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Miranda Krogstad

Cécile Doo-Kingué gets political at Calgary Folk Music Festival

By Ashton Chugh, July 26 2016 —

Cécile Doo-Kingué kicked a variety of musical asses during the 2016 Calgary Folk Music Festival. A returnee from 2015, Doo-Kingué’s eclectic guitar and powerful vocals had Folk Fest faithfuls on their feet applauding as she finished her set on the main stage.

“It was nice to know that we impacted the audience and organization as much as they impacted us,” Doo-Kingué says. “That was a beautiful thing to live.”

While her stage presence suggests she was born with an innate ability to move crowds, Doo-Kingué comes from humble musical beginnings. Born in New York City, she now resides in Montreal where she attended a musical boot camp with the likes of Graham Chambers and Trevor Payne.

“They were strong personalities, but had huge knowledge in all their heads that they were willing to pass along,” Doo-Kingué says. “But you had to be willing to get your ass kicked and do the work.”

Doo-Kingué admits the success she enjoys now did not come easily.

“It took a while,” she says. “Nothing comes for free. Nowadays the notion of paying dues gets lost. We’re used to instant gratification depicted on reality shows like The Voice, but that’s not the way it works.”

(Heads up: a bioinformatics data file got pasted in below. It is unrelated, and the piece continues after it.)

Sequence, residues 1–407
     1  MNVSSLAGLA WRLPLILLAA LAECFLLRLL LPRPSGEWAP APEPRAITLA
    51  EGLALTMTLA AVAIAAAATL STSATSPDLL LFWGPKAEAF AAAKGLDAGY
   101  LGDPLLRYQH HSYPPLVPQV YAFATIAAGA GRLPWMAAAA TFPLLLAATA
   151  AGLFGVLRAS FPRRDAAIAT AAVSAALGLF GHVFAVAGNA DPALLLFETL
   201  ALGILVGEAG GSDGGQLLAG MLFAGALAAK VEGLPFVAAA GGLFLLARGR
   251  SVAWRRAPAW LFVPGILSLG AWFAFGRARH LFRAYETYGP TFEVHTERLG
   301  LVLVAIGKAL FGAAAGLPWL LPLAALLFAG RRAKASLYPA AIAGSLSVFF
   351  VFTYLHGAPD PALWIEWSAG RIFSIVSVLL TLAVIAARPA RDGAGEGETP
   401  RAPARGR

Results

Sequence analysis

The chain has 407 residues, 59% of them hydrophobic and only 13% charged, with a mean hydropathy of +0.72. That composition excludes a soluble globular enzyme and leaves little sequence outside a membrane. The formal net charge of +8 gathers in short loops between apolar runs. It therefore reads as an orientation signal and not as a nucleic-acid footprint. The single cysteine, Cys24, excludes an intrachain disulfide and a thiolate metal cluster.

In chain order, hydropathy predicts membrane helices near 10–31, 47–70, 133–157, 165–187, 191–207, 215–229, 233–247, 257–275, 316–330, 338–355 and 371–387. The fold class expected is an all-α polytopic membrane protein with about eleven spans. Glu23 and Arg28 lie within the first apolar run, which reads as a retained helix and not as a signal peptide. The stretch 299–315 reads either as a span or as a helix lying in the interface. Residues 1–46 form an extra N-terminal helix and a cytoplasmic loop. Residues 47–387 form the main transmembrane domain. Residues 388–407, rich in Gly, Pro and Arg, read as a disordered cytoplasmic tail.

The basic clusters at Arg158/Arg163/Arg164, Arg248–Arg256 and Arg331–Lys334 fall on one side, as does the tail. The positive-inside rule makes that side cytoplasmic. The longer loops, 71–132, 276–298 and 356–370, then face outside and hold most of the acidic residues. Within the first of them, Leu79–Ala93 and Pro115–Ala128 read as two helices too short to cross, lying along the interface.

Many young musicians start out by first learning to express themselves through the mechanics of an instrument instead of learning where their inner music comes from, explains Doo-Kingué.

“It’s very much spiritual,” she says. “A lot of us out there forget that it’s more spiritual than technical. A thing that’s true for any art is that it’s transcendent to our understanding of our human shell.  The reason so many of us can rally around a song or picture is because it’s greater than what we understand or know, but yet, we find ourselves in it.”

Doo-Kingué says finding one’s social passion is a driver for their musical voice.

“As much as I love a good love song, at some point you have to look outside,” she says. “For those of us with a platform, it’s our responsibility to use our voice to create the change that we want to see.”

Doo-Kingué’s social activism includes speaking out against sexual prejudice in songs like “Blood Stained Vodka” and ending racial tensions in America on tracks like “Anybody Listening.”

On the mainstage Friday night, Doo-Kingué’s anti-Donald Trump sentiments were well-received.

“At some point you’ve got an audience who trusts you, so say something from making us go backwards 500 years,” she says. “You got to speak up if you’re fighting the good fight. It’s too easy to shut the hell up, but if you do, you’re a part of the problem and not the solution.”

A well-developed social conscious can be a heavy task to undertake, but Doo-Kingué offers humbling advice.

“If you’re an artist, it’s a gift that the universe has offered you,” she says. “None of us come out [as a] genius and everything’s perfect. It’s work. Once you understand that, get rid of your ego and realize that you are a conduit for something, then so many things open up.”

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